We are very fortunate to be writers at this particular time. It is an awesome time and one I believe God is using mightily to promote His kingdom. For years, a verse in the Bible has intrigued me—“And this gospel of the kingdom will be preached in the whole world as a testimony to all nations, and then the end will come.” (Matthew 24:14). Although I know this verse is true, I’ve wondered how this was going to happen. Now I believe I know—via the Internet. We Christian writers are part of His awesome plan.

My office is a twelve by fifteen foot room in the middle of the United States. Only God knows how many countries my writing reaches through my blog, Facebook, Twitter, LinkedIn and other channels.
Connect with Tom:

Tom Blubaugh, Author of Night of the Cossack and other works

 

Night of the Cossack historical fiction ebooks available at Amazon.com and Barnes & Noble

Night of the Cossack historical fiction signed paperback at Night of the Cossack  FREE shipping to address in USA.

Night of the Cossack historical fiction pdf file will be available soon.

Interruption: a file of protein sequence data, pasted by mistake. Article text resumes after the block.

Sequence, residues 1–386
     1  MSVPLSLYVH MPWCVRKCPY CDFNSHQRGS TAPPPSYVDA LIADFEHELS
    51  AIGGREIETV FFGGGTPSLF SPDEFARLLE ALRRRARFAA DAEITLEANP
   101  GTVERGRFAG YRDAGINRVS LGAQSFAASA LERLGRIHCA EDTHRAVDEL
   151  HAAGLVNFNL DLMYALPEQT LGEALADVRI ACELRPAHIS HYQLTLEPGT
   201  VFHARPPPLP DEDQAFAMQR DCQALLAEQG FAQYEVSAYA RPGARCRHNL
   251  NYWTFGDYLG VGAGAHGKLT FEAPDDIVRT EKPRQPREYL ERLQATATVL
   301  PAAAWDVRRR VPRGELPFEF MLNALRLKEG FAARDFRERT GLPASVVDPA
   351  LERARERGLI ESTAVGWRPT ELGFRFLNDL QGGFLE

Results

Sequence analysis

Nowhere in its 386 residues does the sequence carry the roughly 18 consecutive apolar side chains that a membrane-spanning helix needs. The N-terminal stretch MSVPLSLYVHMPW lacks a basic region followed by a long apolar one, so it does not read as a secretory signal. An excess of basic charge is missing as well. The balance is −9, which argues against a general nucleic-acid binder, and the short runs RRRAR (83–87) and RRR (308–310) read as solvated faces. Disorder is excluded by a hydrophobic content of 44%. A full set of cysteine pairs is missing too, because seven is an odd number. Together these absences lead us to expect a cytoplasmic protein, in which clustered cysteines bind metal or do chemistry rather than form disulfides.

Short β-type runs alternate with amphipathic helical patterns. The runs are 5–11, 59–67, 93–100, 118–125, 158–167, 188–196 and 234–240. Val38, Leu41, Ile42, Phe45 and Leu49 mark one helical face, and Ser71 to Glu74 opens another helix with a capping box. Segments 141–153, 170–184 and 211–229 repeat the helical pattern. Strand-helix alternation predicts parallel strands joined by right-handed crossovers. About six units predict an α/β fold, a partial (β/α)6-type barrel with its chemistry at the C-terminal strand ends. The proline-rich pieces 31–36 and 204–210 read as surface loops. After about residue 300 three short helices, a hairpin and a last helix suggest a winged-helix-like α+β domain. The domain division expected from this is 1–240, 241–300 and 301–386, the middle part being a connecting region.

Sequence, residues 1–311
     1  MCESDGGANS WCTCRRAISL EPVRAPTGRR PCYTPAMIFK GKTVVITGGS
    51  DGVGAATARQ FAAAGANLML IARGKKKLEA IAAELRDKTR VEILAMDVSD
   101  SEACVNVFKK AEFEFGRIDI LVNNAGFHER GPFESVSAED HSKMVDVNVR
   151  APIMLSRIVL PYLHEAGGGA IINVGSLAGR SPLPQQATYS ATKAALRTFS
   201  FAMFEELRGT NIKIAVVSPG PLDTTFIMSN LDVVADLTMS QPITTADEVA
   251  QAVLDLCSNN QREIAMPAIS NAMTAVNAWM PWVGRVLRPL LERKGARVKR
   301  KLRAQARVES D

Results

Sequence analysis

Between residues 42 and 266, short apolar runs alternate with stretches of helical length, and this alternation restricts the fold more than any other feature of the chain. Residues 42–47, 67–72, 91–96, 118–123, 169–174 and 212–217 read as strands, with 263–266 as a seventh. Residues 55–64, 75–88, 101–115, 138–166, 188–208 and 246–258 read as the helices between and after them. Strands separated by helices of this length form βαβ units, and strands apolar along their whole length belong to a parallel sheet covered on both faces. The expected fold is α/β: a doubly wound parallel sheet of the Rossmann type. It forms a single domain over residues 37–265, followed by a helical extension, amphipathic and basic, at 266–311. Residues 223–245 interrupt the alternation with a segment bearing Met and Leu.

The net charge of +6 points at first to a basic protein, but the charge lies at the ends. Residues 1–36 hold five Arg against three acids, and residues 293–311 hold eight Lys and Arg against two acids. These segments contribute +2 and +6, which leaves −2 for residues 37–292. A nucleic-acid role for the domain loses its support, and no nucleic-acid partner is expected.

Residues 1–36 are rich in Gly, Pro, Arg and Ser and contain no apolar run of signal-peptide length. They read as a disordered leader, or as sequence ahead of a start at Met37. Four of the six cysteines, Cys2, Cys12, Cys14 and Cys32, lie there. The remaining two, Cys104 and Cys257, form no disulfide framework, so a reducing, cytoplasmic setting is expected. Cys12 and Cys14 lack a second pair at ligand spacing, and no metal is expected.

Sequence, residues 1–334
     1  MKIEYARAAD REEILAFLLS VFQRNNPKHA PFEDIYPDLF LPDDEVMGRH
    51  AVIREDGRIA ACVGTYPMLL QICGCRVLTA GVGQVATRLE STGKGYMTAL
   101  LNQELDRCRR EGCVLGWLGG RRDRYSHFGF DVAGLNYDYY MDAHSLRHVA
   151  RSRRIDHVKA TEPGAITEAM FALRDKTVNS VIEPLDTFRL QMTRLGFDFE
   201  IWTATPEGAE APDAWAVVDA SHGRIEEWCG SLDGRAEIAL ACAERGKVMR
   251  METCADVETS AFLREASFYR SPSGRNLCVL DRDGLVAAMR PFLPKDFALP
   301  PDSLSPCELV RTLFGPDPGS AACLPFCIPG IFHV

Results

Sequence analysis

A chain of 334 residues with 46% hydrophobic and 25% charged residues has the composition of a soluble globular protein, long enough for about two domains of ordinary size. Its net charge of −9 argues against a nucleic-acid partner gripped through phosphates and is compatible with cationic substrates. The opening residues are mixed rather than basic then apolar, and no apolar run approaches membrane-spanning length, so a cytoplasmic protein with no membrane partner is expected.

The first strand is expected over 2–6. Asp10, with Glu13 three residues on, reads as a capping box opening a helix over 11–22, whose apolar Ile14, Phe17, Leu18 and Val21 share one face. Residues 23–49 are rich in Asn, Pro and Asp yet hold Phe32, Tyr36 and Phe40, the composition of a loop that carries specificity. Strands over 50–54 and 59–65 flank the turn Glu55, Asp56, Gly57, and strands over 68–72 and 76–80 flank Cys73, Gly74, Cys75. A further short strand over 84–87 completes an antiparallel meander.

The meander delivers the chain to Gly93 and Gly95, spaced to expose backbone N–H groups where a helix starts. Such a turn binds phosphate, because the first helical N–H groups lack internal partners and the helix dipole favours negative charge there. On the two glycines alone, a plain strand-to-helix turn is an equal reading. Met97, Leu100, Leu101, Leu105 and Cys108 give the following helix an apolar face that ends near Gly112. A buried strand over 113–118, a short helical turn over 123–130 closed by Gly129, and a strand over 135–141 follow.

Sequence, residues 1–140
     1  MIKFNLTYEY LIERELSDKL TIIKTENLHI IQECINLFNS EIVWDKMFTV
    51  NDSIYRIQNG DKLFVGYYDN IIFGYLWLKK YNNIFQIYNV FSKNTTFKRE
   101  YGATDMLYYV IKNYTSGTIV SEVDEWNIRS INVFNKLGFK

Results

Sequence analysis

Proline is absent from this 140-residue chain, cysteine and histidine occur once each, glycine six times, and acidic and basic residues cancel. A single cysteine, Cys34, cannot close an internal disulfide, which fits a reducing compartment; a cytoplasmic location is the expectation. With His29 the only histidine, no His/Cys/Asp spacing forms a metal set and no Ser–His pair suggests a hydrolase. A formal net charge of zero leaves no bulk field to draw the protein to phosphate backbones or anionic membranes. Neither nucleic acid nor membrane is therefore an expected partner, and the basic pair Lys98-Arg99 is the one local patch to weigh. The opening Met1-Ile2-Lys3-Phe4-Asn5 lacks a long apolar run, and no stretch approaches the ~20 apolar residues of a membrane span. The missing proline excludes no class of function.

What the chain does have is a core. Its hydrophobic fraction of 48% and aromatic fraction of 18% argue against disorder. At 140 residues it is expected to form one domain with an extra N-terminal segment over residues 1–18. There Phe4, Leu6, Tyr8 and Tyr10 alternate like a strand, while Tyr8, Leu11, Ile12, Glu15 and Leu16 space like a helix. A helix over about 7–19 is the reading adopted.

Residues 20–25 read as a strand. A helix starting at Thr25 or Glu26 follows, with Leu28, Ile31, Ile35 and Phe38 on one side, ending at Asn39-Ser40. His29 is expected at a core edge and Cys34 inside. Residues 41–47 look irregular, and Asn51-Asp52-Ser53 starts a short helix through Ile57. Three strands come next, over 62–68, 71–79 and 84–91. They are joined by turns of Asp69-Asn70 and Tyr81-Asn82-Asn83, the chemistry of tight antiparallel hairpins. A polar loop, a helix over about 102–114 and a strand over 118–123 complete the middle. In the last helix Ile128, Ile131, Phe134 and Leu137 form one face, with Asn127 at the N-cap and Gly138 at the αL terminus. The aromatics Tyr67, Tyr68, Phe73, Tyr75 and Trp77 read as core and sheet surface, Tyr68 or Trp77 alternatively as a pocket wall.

Facebook fan page

The Write Trail Scribbling from the sometimes creative/sometimes scattered mind of Tom Blubaugh

Twitter @tomblubaugh

Info-line for writers promotion

Linkedin to join my network

Genesis Project my ministry site

Follow me on Pinterest

Posted in Author Marketing, Authors, Encouragment | Tagged: | Comments Off

AutoCrit Editing Wizard, a useful tool for writers

Posted by April W Gardner on November 14, 2012

Last month, someone on the John 3:16 Marketing Network recommended the website AutoCrit.com. Today, I looked into it, and so far, it has all the appearance of being useful tool for writers.

In the company’s own words, “The AutoCrit Editing Wizard is an instant book editor. With the click of a button it shows you the problems in your manuscript.”

Copy, paste, click “analyze.” That simple.

The free version analyzes 1,500 words each day. It will check for overused words, sentence length variation, and clichés and redundancies.

The paid version increases word count to 3,000 per day and adds on repeated words and phrases, phrases summary, pacing, dialog tags, initial pronouns, readability, and homonyms. The repeated words and phrases alone is worth the $47/year!

I put the first scene of my latest novel through the wizard. Mind you, it had already undergone four critiques, but I was still shocked at what the wizard caught. It’s mostly nit-picky stuff, but since I’m a nit-picky author, AutoCrit has potential to become by bestest buddy.

With a 30-day money back guarantee, it was a no-brainer to fork over $47, but I plan to test-drive it hard over the next month!

Swing by there now and pop 500 of your latest words into the wizard. Just for fun. Then come back and let me know what you think!